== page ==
Abstract # 1909 Poster # 191:

Scheduled for Friday, August 18, 2006 07:00 PM-09:00 PM: Session 17 (Regency West 1/3 ) Poster Presentation

Validating the assumption that food calls attract groupmates

C. D. Kitzmann and N. G. Caine
California State University San Marcos, Department of Psychology, 333 S. Twin Oaks Valley Rd., San Marcos, California, USA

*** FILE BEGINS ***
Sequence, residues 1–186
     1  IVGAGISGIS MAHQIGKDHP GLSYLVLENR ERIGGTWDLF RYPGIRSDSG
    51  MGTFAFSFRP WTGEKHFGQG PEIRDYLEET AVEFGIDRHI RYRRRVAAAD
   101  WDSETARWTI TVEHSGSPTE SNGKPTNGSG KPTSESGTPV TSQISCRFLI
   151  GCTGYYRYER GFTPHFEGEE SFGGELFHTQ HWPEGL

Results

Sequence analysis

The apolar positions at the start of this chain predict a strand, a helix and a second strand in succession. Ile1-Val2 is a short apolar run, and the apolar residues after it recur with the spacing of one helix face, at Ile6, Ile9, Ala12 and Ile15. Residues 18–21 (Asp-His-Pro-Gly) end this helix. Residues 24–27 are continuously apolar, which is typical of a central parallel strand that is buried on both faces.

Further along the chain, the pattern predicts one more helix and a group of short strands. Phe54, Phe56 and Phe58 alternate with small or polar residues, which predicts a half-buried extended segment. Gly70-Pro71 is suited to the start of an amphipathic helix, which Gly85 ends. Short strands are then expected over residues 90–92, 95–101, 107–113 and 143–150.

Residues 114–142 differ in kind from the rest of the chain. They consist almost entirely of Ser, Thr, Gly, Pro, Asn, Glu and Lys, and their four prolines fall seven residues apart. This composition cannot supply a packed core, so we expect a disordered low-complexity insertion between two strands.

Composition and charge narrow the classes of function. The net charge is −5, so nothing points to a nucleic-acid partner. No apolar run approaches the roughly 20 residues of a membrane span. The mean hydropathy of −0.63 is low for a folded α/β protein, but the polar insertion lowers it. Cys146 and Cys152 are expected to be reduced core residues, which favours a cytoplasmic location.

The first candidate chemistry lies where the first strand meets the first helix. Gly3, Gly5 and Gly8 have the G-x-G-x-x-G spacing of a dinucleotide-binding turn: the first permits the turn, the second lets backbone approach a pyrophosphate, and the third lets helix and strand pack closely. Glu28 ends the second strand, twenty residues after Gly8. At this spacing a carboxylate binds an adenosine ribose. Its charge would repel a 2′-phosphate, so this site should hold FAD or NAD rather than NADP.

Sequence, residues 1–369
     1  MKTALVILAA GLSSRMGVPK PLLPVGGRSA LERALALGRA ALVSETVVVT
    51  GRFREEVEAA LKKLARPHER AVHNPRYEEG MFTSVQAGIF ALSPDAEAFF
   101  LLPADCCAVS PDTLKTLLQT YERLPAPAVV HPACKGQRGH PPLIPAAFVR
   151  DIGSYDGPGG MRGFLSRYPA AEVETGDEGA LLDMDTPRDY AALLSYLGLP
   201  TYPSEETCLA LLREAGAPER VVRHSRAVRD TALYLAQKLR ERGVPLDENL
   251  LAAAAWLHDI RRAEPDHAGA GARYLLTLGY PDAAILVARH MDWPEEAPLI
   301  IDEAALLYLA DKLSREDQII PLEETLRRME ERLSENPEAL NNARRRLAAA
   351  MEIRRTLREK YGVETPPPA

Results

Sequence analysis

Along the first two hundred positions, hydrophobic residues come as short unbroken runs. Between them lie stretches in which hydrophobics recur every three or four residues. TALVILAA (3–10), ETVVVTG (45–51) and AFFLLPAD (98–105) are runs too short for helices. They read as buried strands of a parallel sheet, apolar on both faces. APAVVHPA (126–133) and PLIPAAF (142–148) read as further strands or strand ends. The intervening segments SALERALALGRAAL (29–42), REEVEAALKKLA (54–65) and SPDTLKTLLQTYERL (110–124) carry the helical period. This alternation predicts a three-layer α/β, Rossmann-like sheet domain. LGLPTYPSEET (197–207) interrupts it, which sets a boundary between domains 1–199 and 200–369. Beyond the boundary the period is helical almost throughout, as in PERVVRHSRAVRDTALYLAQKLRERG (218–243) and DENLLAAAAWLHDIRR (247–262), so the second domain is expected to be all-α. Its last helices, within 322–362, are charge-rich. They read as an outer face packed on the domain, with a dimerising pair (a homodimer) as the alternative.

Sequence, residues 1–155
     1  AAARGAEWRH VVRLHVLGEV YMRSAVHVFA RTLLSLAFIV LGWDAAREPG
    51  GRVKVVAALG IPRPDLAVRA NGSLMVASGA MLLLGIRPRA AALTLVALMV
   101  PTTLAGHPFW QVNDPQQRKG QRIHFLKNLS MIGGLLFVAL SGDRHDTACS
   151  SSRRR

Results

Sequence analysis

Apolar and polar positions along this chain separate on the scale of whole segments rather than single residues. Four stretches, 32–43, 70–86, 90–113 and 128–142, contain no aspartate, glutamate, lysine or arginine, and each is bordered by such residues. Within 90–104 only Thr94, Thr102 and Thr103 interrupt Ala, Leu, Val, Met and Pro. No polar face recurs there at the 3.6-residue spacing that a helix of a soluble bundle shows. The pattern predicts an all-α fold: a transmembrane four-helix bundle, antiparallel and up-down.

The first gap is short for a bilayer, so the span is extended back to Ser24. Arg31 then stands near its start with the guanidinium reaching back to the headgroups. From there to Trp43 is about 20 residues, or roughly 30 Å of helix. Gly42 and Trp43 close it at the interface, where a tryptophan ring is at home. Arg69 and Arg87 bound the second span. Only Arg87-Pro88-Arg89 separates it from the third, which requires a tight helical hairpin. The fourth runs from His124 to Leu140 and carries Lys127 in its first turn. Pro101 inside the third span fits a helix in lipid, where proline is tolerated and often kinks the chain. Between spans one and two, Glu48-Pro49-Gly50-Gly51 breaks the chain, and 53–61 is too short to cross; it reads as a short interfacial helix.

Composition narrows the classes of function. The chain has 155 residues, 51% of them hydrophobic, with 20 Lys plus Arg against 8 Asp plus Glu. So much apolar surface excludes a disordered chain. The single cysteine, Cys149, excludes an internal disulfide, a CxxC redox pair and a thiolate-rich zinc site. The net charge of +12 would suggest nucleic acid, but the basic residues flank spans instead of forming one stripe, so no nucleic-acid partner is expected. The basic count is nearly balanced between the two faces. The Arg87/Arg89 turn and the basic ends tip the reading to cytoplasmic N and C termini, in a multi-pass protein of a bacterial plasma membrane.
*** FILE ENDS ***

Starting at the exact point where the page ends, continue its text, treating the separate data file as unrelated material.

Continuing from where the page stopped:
Several functional hypotheses have been proposed to explain the function of food-associated calling in primates. Food calls may provide information about a food source, serve as an offer to share food, or reduce predation risk while foraging by informing groupmates of food discovery. Common to these hypotheses is an assumption, largely untested, that animals approach when they hear a groupmate food calling. Recent evidence suggests that food calls of Cebus species elicit groupmate approach. The purpose of the present study was to test this assumption in the genus Callithrix. Two family groups (N=15) of captive-born Geoffroy’s marmosets (C. geoffroyi) were presented with playbacks of groupmate food calls, non-groupmate food calls, and a no-sound control condition. We scored subjects’ approach and the latency to the first approach in each trial. Based on a randomization test for two dependent samples, we found that subjects were significantly more likely to approach after playback of groupmates’ food calls in comparison to the no-sound control condition (p = 0.0004). A comparison of groupmate and non-groupmate food call trials suggests a selective approach response; the marmosets approached groupmate food calls more quickly than non-groupmate food calls. Our results support the plausibility of functional hypotheses, such as those listed above, that depend on the approach of groupmates in response to food calls.